What was the piece originally made to adorn? A chariot? A ceremonial wooden 'cauldron?' Who was it for? Who saw it, and what were the circumstances that led to it being buried/hidden?

Through my fascination, the essence of some or all of these elements may well have found their way into my Stanwick piece. I like to think so.

Stanwick Celtic Horse Mask Plaque in bronze from Justbod
Stanwick Celtic Horse Plaque in bronze from Justbod

Stanwick - Celtic Horse face in cold cast bronze from an original sculpture by bod inspired by the Stanwick Horse Mask: part of a hoard dating to the 1st c. AD and found in the 1840s near the large fortified Iron Age complex of Stanwick in North Yorkshire. Mounted on a handcrafted solid oak plaque.

Overall size ~ 200 x 115 x 50 mm

Every stage of the process has been done by hand.

Thanks for reading


Justbod Team

Unique handcrafted artworks
~ inspired by a love of history and nature ~

Justbod ~ inspired by a love of history and nature

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Sources and further information:

The Stanwick Horse Mask: British Museum online collection
The Stanwick Horse Mask: British Museum Google Images
The Stanwick Hoard: British Museum Google Images
Celtic Art: Wikipedia
The Early Iron Age Metalwork Hoard from Stanwick : Morna MacGregor: The Prehistoric Society

Celts - art and identity: British Museum
Celtic Art: Ruth and Vincent Megaw
Celtic Art: George Bain
A Picture Book Of Ancient British Art: Stuart Piggott and Glyn E. Daniel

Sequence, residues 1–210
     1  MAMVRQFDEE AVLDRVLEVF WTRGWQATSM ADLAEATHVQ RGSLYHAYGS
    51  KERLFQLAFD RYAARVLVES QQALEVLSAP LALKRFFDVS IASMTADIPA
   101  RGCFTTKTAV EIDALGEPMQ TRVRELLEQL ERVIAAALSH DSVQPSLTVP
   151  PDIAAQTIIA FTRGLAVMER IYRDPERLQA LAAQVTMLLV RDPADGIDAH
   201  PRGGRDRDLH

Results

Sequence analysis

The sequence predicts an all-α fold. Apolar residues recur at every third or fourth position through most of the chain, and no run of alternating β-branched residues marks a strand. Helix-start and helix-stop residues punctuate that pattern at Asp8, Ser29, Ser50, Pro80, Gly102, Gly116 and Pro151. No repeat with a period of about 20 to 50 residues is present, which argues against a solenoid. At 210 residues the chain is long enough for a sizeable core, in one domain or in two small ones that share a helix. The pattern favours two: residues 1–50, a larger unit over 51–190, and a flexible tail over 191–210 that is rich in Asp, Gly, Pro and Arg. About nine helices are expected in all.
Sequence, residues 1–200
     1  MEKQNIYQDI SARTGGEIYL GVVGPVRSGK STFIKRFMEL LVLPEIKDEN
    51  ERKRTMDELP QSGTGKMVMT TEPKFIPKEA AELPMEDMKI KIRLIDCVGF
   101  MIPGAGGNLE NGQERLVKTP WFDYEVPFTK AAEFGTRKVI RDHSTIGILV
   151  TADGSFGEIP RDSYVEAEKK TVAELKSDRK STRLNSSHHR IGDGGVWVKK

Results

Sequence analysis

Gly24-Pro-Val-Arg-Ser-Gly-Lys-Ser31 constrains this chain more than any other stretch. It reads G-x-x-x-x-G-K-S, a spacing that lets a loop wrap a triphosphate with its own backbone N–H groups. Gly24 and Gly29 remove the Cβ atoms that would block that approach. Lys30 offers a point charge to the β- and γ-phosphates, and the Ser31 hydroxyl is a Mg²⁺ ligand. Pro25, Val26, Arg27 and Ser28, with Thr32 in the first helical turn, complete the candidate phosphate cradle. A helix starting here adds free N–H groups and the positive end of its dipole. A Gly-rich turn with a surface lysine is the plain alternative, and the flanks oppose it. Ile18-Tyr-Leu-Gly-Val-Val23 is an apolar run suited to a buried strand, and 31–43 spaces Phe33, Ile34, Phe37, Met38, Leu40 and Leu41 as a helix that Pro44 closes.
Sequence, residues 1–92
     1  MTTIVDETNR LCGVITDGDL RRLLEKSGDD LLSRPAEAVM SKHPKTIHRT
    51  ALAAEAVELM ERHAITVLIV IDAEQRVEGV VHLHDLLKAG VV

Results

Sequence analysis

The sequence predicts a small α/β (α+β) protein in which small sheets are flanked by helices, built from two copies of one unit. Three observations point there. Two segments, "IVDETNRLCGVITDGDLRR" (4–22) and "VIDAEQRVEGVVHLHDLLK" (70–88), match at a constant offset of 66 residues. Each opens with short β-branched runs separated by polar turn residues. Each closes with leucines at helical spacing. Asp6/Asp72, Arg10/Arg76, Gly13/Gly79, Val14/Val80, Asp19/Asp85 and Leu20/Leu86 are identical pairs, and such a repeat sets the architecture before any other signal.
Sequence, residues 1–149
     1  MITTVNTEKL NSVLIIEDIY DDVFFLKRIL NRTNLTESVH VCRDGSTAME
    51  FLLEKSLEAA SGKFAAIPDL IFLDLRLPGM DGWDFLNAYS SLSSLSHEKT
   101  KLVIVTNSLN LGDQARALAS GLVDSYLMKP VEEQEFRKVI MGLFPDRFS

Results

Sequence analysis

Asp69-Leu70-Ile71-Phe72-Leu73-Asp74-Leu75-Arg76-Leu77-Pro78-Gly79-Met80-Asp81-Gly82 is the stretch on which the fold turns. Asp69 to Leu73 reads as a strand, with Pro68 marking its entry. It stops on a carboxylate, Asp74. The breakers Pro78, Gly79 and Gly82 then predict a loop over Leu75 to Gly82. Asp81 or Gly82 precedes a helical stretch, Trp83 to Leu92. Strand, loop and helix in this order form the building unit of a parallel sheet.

Early Celtic Designs: Ian Stead and Karen Hughes
Dictionary of Celtic Myth and Legend: Miranda J. Green
Animals in Celtic Life and Myth: Miranda Green

Thursday, 19 April 2018

A magical wolf, a riddle of faces, a Celtic horse, & the 'Battle Crow' - bod's Ancient British Coins

Ancient British Coin wall plaques from Justbod

 "For about 150 years Britons minted their own tribal coins until the Romans stopped them in AD 43. During this brief period about 100 rulers of a dozen different tribes issued no fewer than 1,000 different coins. After 2,000 years the imaginative imagery of these ancient British coins remains unsurpassed. This was Britain's golden age of daring coin design."  
Chris Rudd - Britain's First Coins

 (This post was first published 7 July 2015 - this is the updated version)

Ancient British Celtic Coins

I have always loved coins, their history and their connection with another time, culture and people. To hold an ancient coin or artefact in your hand is to go on a trip of wonder and imagination - who made it and when, who has held it, what has it bought, what have people done to possess it, how was it lost, and what stories could it tell?

Iron Age Coin David Nash Publishing 2003